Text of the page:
Justice Reinvestment Act Continues to Show Promise

Justice Reinvestment Act Appears to Be a Success

Most criminal justice legislation seems to be targeted at making criminal sentences more onerous for the people who have the bad luck to get convicted. Legislators are politicians, and one of the easiest ways to bolster your election credentials is to gain a reputation for being “Tough on Crime.” It doesn’t matter if the “tough” measures actually work to reduce crime rates or make it less likely for people to re-offend, all that generally matters is that the potential sentences are harsher than the last time a similar law was passed. As some of my readers may be able to tell, I’m not usually a fan of most of the statutes that make their way to the law books in criminal court. However, I like to consider myself a “credit where credit is due” kind of guy, and that is why I’m highlighting one law that has made a huge positive difference in our courts.

The 2011 Justice Reinvestment Act (JRA) is one of the best pieces of legislation to come out of the N.C. General Assembly in years. The Act was designed to lower North Carolina’s sky-high correctional budget, address the problem of newly-released prisoners re-offending shortly after gaining their freedom, and increase the number of behavioral treatment programs available. The goal is to save money by dealing with criminal defendants within their local community whenever feasible, rather than presuming that incarceration is the best outcome.

Since the Act took effect, every convicted felon in North Carolina prisons must serve a nine or twelve month period of supervision similar to probation after being released. This post-release supervision is designed to reduce the likelihood of former inmates re-offending and being sent back to a correctional facility. Previously, more than half of all individuals admitted to N.C. prisons were there as a result of their probation being revoked. In the 3 years since the passage of the JRA, that number has dropped to one-third of admissions. Ten prisons have been closed due to the decrease of inmates being admitted to correctional facilities. These accomplishment were able to occur because the Act outlines new ways to handle probation violations that give probation officers more flexibility when dealing with probationers, and an increased budget for probation officers and community corrections officials means that there are more staff available to serve those individuals being supervised by the State. Community corrections officials like probation officers now supervise fewer clients, allowing them to pay more attention to the folks that are being supervised.

The JRA has made it harder for probation to be revoked (i.e. terminated in such a way that a defendant is sent to spend a lengthy period of time serving an active sentence in prison). Under the Act, there are only two types of offenses that can lead to the automatic revocation of a person’s probation: absconding (leaving the state without permission or failing to report to a probation officer when requested) and being convicted of a Class 2 misdemeanor or higher. Even if a person on probation is accused of one of these two offenses, a hearing must be convened to determine whether or not probation can be revoked – a probation officer cannot unilaterally send someone to prison. Probation officers have a better ability to punish violations with extra supervision and restrictions, or by ordering a probationer to spend 2 to 3 days in jail.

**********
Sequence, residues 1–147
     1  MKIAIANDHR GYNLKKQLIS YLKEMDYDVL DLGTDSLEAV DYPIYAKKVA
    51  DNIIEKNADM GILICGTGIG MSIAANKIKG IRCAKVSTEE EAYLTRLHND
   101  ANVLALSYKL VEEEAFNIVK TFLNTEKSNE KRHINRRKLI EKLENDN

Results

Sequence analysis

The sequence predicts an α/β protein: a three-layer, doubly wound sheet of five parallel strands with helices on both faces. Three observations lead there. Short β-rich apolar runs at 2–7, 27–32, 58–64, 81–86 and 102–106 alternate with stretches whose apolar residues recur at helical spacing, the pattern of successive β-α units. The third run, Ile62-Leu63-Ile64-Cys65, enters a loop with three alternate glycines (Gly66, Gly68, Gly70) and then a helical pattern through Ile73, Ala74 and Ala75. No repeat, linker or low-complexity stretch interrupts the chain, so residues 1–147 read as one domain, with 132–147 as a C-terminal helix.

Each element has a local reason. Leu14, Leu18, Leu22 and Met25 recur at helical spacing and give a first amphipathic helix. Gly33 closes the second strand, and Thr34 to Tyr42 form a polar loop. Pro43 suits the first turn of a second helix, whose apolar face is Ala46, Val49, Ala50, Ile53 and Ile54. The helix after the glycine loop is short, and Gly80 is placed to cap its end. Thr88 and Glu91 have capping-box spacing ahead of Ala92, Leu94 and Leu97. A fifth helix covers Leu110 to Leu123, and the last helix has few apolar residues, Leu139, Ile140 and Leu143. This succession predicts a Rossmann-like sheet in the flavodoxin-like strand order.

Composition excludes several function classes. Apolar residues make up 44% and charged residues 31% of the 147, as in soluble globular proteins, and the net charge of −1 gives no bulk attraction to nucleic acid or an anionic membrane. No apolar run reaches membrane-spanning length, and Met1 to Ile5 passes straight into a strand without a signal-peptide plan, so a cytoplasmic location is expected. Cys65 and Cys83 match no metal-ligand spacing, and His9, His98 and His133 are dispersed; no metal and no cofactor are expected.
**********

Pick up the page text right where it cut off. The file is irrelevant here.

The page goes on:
Research by the American Civil Liberties Union suggests that thus far, the JRA has not done much to lower the overall rate of incarceration in North Carolina. While the number of inmates in N.C. prisons has decreased since the Act took effect, the ACLU research strongly suggests that the decrease is largely due to the fact that incarceration of low-level offenders has been shifted out of state prisons and into county jails. It seems obvious to me that we are still locking up far more people than we should be; at the same time, I feel like ACLU researchers should take into account that we still in the early days of the Justice Reinvestment Act. We’ve seen some pretty dramatic improvements in certain aspects of criminal punishment, and I have every reason to hope that there will continue to be improvements in the future.

There will always be a subset of crimes for which incarceration is the best answer. People found guilty of homicide, or rape, or armed robbery deserve to spend time behind bars for the offense. Prison IS the correct punishment in certain cases, and I will never, ever try to argue otherwise. Long-term incarceration, however, should not be our primary solution to addressing criminal activity. Incarceration is expensive, can be inefficient, and often does nothing to curb the types of behaviors (such as selling drugs or breaking into houses) that land people in prison in the first place. Instead of doing something that sounds good, the legislators who helped create the JRA did something that actually works for North Carolina. And right before Thanksgiving, that is something I can be thankful for.